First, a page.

Posts belonging to Category Minimum Wage



Minimum Wage in Ireland 2014

Minimum Wage Levels have not risen in Ireland since 2007 .

These are the legal minimum rates of pay in Ireland for  2014

Experienced adult worker €8.65 per hour

Over 19 and in 2nd year of first employment €7.79

Over 18 and in first year of first employment €6.92

Aged under 18 €6.06 per hour

Trainees:

Employee aged over 18, in structured training during working hours

1st one third of course €6.49 an hour

2nd third of course €6.92

3rd part of course €7.79

These minimum wage rates have been in effect since July 2011 and are valid during  2014 too.

Someone on the minimum adult wage of €8.65 an hour would earn €340.60 for a 40 hour working week – or €17,992 gross over a full year.
A single minimum wage earner will be taxed – and will have deductions of  €300 for income tax and €78 for Universal Social Charge over the year – resulting in a net weekly pay of just €329.12  (€8.23 per hour)

A comparison in 2012 showed that after adjusting for “Purchasing Power Parity”   Ireland had the fifth highest Minimum Wage in the European Union. (Behind Luxembourg, Netherlands, Belgium and France) and just one spot above the UK.

The minimum wage was introduced in Ireland in 2000 . The current level of minimum wage (€8.65) was set in 2007 and it has not risen since then. It was cut briefly to €7.65 in 2011 – but that cut was reversed soon after it  was made.

Fine Gael – Labour New Program for Government

After Labour party members voted overwhelmingly to enter into a coalition government with Fine Gael at the weekend – we look briefly at how the joint draft programme for government will impact on Irish people’s pockets

Property and water charges are set to be fast-tracked  – but no mention of amounts or dates yet.

Social welfare payments will be untouched .

Income Tax -  rates of income tax, together with bands and credits, are to be unchanged.

Universal Social Charge – to be reviewed

Minimum Wage - The €1 cut in the minimum wage is being reversed

PRSI –  jobs which pay a maximum of €356 a week will have the lower rate of PRSI of 8.5 per cent reduced by 50 per cent until the end of 2013.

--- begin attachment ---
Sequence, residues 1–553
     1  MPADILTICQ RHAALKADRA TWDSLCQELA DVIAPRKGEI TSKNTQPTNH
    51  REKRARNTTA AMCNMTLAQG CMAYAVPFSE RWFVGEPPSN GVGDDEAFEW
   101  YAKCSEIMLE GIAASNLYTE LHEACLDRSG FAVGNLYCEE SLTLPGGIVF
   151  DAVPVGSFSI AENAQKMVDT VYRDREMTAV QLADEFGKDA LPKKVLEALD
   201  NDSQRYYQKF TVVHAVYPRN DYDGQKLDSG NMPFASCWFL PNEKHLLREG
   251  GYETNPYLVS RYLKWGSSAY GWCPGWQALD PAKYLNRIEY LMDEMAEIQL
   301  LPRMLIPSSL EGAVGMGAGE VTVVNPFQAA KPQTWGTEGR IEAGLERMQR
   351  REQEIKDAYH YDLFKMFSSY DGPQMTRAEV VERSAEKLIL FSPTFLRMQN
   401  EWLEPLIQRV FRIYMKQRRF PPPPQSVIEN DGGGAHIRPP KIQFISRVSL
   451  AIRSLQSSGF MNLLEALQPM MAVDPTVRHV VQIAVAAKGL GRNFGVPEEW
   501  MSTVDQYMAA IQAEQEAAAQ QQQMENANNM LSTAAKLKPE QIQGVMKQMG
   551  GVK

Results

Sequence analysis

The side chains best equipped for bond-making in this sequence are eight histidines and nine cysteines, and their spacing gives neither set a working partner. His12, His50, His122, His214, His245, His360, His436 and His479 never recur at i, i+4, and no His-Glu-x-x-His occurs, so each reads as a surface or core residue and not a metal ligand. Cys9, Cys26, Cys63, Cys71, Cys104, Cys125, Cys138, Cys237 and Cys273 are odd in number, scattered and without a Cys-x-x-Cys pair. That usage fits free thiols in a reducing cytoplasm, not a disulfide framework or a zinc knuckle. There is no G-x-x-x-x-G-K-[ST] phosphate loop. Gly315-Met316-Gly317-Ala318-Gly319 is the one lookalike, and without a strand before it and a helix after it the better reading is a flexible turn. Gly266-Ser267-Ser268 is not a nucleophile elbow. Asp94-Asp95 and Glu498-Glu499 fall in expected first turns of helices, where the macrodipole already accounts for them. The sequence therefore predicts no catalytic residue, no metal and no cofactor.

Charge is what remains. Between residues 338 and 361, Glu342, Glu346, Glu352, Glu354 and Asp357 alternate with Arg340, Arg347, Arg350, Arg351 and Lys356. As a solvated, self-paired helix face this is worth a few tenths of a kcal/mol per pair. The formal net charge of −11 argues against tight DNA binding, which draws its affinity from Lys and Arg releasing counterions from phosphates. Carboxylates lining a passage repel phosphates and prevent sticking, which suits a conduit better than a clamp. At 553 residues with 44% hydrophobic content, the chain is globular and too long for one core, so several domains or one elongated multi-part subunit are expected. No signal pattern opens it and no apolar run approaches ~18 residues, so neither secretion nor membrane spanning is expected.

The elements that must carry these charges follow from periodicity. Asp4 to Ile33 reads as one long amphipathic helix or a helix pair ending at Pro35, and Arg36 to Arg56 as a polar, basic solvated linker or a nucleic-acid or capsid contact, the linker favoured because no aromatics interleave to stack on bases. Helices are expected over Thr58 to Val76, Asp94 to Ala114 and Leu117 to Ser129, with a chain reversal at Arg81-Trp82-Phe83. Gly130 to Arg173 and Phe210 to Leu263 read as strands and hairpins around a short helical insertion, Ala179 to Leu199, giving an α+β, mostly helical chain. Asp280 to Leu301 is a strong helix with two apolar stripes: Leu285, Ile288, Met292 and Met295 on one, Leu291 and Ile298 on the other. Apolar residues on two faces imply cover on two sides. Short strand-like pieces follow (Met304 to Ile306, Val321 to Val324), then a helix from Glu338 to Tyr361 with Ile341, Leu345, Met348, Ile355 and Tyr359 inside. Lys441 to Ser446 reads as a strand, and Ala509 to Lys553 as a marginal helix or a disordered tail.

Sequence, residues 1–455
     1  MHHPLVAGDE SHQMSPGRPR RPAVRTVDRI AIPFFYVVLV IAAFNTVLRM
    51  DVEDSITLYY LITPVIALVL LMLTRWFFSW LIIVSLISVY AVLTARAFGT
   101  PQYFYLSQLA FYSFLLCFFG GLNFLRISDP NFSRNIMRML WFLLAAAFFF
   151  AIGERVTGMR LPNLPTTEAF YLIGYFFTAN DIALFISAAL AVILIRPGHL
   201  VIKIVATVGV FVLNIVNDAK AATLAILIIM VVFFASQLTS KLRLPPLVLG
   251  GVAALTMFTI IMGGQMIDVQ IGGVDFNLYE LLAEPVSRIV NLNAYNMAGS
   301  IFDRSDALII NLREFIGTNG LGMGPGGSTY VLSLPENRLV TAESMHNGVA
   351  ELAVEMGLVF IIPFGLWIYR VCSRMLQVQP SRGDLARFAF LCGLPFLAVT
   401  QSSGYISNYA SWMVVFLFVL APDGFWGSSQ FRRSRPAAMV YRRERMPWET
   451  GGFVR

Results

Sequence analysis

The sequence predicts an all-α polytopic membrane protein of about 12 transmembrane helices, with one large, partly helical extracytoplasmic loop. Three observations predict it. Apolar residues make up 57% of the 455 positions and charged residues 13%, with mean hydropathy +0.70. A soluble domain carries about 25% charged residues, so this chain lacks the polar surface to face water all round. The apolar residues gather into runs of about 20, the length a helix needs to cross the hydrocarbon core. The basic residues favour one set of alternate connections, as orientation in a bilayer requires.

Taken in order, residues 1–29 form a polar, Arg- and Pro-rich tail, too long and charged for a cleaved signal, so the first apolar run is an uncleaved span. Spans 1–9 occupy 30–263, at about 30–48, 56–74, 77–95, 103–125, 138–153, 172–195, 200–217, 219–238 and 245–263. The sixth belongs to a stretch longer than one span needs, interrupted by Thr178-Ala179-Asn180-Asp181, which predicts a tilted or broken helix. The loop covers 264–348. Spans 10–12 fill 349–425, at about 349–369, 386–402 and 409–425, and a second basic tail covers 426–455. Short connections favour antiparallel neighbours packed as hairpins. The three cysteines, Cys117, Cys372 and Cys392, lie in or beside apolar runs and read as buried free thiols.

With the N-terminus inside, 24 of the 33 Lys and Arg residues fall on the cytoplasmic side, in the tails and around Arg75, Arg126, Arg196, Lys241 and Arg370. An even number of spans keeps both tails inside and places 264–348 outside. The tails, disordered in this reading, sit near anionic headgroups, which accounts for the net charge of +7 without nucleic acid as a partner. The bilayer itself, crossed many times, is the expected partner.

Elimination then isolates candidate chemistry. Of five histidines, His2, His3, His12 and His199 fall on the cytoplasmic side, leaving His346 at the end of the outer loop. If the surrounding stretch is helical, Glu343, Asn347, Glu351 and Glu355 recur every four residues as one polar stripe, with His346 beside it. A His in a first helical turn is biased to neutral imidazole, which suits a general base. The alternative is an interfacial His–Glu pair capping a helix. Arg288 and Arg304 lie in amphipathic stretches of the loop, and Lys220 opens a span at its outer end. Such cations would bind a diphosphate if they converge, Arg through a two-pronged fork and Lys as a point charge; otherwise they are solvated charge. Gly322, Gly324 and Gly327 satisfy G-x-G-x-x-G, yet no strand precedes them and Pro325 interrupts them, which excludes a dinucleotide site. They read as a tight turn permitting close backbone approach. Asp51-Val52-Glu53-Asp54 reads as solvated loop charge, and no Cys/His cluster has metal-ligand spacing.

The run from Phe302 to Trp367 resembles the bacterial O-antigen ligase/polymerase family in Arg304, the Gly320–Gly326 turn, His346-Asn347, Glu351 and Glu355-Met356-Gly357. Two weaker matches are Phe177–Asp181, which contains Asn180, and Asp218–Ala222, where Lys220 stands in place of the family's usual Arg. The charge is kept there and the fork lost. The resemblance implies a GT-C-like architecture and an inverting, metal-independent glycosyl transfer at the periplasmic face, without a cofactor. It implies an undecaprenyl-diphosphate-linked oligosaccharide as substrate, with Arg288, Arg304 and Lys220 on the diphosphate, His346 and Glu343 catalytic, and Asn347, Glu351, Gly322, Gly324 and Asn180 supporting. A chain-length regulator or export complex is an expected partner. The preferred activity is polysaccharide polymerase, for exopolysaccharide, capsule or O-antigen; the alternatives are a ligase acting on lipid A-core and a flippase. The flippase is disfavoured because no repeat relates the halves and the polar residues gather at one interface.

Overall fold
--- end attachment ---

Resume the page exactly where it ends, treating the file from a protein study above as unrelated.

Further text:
VAT on services will fall from 13.5 per cent to 12 per cent until the end of 2013

Travel Tax is to be scrapped.

Universal Health Insurance is hoped to  be in place by the end of the new government’s term in 2016.  The privatisation of the VHI is being scrapped aUnder this “universal primary care” system, fees for GP care will be removed.

Property tax reliefs will be reduced, capped or abolished.

 

Minimum Wage to be Cut

As announced as part of the Four Year National Recovery Plan – the national minimum wage is going to be cut from €8.65 an hour to €7.65 an hour. This is a 12% drop. The new rates come into effect on February 1st 2011

One of the reasons given for this cut is to help businesses grow by cutting costs.
The Recovery plan states that…..

“Introduced in 2000 at a rate of €5.59, the National Minimum Wage (NMW) is currently set at €8.65. It has been increased six times since its introduction and is now 55% higher than its original level. By end 2010 the consumer price index is forecast to have increased by approximately 28% since 2001.”

A weeks wages on €7.65 an hour works out at  about €298 . Someone on  Jobseekers Benefit plus medical card and rent supplement may not think it is worth bothering with a job  if they are not much better off  financially .

See details of the new   Minimum Wage Levels in Ieland

Budget Helps The Fat Cats

The Guardian newspaper recently described Ireland’s well paid public sector workers not as fat Cats – but Morbidly Obese Cats.
It was hoped that maybe some of the high earners would end up getting a bit less after Budget 2011.
The changes in the Budget to PRSI and Tax as well as the new Social Chargewill result in a drop in take-home pay for the majority of workers in Ireland.

For example – a single person on €25k a year will see a drop in annual take home pay of €989 – a cut of 4.6%

However – someone employed in a job with the same pay as the head of ESB – which is  €752,568 a year will see monthly take home pay drop from €31,276 to  €31,030 – which is a drop of just €246 – or 0.008%.

In percentage terms – the effect on the minimum wage person is over 400  times more than the cut to the head of ESB.

The discrepancy gets worse – high earning  self employed people will end up with more net pay after the changes in this Budget.  A single self employed person with gross salary of more than €200000 will end up with more. The higher the earnings – the bigger the increase in take home pay.

Someone who is self employed with a salary the same as the head of ESB –  €752,568 – would have had  a monthly net pay before the Budget 2011 of €29,490 .

After all the Budget changes to PRSI, Tax , Levies and USC – they will end up taking home €30,871 a month – an increase of €1381 .

Fat Cats getting Fatter?